So, I was out for a run a few days ago (and trust me, when I say those words - I was out for a run- it’s like a miracle, no matter how many times I say it, because I really heavily and intensely avoided anything to do with running for a good 3 decades).
Anyways, I was out for a run and there was a small portion of it that had a really big impact on me. I thought it would probably be helpful for you too. Here’s what happened.
There’s this beautiful route that I run on next to the Elbow River in Calgary. We’re talking scenic rapids, sunlight glinting on water, Canada Geese and Mallard ducks bobbing through the waves. There was even a beaver last week! Gorgeous. (Not the beaver… it looked suspiciously like an R.O.U.S. from the Princess Bride and it felt highly likely that it could attack at any moment.) The route is what’s gorgeous.
Along this river trail, there’s a long stretch of pathway that’s broken up by an intersection. I’ve done the run enough times to have a fairly good idea of whether I’ll get a little break if the light is red by the time I get to it, or if I’ll be truckin’ along if it’s green.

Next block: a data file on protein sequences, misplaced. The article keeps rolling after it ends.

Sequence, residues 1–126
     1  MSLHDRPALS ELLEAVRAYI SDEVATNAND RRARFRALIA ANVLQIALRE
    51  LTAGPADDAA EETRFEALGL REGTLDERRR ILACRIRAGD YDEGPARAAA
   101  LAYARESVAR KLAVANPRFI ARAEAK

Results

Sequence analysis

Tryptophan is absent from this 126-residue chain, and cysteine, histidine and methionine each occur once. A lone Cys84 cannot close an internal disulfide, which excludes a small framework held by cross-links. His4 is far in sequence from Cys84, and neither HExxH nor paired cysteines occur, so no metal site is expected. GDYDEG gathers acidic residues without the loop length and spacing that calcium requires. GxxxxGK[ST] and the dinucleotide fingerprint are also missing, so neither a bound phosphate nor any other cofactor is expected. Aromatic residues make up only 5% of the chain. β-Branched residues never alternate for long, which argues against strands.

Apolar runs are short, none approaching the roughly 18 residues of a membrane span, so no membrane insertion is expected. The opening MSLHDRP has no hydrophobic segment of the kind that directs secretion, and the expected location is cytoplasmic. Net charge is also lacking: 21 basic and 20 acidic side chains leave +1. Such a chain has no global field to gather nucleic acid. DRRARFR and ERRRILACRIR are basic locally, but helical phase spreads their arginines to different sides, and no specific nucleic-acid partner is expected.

On this particular day, when the traffic lights came into view, the countdown timer on the pedestrian crosswalk was already ticking down, and so my mind set the great expectation that I would get a little break because I thought it would be red by the time I got there.
I don’t know if something changed with the intersection timing, but as I got closer, it became evident that I could make the light and keep on going. The countdown timer finished but the light stayed green and it stayed green and it stayed green. By the time I got to the curb, it was still green, no yellow in sight and I felt compelled to speed up a little and cross the road.
(And, by the way, traffic light people… what is the point of having countdown timers on the pedestrian crosswalk if it gets to 0 and then there’s another 20 seconds of green light? I don’t get it.)
All in all, this moment could seem pretty minor, but in my mind, I noticed something major going on, not too mention in my body as well.
When I saw the traffic light timer ticking down, I made an assumption that I would get a little break. I was fine to keep going, which is what happens most times, but since I set the expectation that there would be a little reprieve coming up, all sorts of physiological changes started to cascade throughout my body.